How to Respond to a Friend's Pity Party

I woke up early yesterday morning unable to go back to sleep, which is unusual for me.  But my mind was so busy hurling accusations at me that no lullaby could be heard above the ugly words. In the dark hours my critical voice sounded strong and empowered as she told me what a loser I am.  She grabbed my new book, my business, my classes and projects, and everything she could get her hands on and tore them up in front of me by telling me how they weren't good enough, how I wasn't doing enough, and how I could have done better. Her words were plentiful as she made her case for my lack. She used my own dreams and fantasies against me reminding me that not only had I not yet lived up to them, but that I probably never would. Her convincing words echoed through me this time in a way that resonated with my own deepest fears.  So even as the sun came up, I couldn't shake the feeling that she had been right: I'm failing.

Now I can defend myself with the best of them by jumping into the game and trying to name my successes or by assuring myself that the ruler she used to find me wanting wasn't measuring the right things.  And I typically am a pretty positive and hopeful person. But as a girlfriend arrived later in the day for our early dinner plans, I welcomed the back-up by exclaiming: "Oh I am so glad you're here-- I'm being bullied by a bunch of inner mean girls!"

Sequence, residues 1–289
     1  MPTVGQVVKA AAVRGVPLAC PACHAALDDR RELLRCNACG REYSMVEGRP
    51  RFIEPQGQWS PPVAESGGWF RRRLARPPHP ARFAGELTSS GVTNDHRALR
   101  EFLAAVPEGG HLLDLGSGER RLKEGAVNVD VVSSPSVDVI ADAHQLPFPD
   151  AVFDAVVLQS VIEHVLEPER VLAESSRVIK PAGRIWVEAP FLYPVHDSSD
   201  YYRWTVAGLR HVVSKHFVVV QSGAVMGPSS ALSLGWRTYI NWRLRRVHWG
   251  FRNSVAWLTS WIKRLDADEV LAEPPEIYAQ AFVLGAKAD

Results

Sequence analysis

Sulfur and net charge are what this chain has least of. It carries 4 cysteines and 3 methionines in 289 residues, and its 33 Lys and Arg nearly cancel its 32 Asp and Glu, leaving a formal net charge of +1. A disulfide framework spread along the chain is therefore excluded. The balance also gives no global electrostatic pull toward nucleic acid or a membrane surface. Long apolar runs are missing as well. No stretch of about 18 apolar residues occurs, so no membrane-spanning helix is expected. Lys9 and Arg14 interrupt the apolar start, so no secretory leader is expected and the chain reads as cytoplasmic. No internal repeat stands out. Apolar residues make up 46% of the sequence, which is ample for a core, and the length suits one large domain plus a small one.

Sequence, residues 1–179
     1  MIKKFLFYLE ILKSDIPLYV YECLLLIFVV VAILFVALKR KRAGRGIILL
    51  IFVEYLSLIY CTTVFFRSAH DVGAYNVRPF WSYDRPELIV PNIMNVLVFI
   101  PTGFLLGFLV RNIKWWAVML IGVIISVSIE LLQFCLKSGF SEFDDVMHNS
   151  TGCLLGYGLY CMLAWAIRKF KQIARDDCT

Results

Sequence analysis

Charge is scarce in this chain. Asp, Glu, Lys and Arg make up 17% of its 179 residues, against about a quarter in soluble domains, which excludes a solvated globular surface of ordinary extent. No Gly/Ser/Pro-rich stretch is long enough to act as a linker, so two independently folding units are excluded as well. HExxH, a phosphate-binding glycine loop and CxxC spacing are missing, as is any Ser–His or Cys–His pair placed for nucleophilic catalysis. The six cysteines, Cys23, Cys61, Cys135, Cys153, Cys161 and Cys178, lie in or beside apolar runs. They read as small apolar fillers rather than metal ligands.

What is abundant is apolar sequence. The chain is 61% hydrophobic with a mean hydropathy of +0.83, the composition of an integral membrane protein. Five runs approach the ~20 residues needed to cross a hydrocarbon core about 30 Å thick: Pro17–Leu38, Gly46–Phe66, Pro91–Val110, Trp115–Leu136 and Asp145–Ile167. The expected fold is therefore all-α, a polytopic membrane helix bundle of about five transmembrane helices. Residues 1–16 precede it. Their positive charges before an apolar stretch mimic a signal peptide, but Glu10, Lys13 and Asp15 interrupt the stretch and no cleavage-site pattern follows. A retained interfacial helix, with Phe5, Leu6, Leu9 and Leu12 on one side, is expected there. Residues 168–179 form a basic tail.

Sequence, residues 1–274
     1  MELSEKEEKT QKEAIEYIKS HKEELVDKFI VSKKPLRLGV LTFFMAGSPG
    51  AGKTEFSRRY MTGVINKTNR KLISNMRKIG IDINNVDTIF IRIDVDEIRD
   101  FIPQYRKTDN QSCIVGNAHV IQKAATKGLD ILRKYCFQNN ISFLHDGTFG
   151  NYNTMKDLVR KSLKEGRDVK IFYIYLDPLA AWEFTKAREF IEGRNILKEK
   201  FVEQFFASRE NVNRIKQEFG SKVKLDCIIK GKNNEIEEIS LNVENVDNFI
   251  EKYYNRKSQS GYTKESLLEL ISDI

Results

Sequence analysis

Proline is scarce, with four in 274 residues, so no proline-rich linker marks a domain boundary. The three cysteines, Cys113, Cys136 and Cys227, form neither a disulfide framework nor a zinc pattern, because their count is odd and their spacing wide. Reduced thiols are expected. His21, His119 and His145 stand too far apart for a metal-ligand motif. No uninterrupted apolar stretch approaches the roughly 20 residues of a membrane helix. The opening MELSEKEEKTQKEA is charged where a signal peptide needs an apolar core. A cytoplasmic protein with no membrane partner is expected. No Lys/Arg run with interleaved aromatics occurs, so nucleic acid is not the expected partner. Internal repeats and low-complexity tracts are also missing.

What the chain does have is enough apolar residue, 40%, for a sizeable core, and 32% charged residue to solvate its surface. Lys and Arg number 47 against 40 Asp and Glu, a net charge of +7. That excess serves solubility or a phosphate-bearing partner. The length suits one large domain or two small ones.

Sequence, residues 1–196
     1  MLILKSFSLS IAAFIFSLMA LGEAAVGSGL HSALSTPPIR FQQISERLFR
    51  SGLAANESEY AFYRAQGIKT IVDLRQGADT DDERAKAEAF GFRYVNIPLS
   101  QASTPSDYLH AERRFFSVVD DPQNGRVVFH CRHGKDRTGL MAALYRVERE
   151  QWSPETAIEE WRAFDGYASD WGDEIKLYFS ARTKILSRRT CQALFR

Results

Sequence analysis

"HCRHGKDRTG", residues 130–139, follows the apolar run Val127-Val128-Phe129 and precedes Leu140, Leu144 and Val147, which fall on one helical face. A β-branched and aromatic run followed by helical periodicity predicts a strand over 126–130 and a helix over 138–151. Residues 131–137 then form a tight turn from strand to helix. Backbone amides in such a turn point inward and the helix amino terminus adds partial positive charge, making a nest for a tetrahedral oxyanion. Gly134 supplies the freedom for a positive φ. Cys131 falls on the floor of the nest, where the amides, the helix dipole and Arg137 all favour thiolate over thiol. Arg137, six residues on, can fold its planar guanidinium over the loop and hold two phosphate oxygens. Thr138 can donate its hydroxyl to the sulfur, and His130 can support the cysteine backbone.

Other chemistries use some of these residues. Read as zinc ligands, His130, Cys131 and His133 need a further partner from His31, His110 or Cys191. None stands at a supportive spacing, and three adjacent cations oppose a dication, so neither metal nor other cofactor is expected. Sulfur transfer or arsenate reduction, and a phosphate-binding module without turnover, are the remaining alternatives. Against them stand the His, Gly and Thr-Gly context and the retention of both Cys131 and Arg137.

The Five Amazing Responses of My Friend

I am sharing this story with you primarily because I want to share how my friend responded so we can all feel inspired to show up for each other when we feel under-attack by ourselves.  But I also am pushing myself to share this because it's important that we all hear reminders from each other that self-doubt and fear of failure are on every playground, even (or especially?) in lives that have stretched, dreamed, and succeeded by some measurement. frientimacy_quote_4 For me, right now, it's centered on the gap between the impact and teaching I want to be doing versus what I feel I am currently achieving; but for you or one of your friends, it might be about hoping you'd be married or have kids by this age, feeling like a failure because you don't have x (fill in the blank: a 401k, a book deal, or a corner office) yet, or feeling discouraged because while you are making good money you aren't pursuing your creative work, or vice-versa.  Unless we've reached pure enlightenment, we tend to fan a desire for something more that we're secretly convinced will make us feel better about ourselves and more peaceful about our lives.

Here are some of the ways my friend loved me well and brought me home feeling more hopeful:

  1. She Took It Seriously... Before I had interrupted her with my current condition she had been walking up the stairs to my apartment exclaiming, "There's the amazing and famous author and teacher who has been out traveling the world!"  But when she heard my panic, she pivoted quickly and instead of dismissing my feelings and telling me I was crazy, she validated them, "Oh no! I am so sorry. Those voices can be so cruel. What awful things are they saying?"  I felt supported, seen, and heard; not crazy, weak, or silly.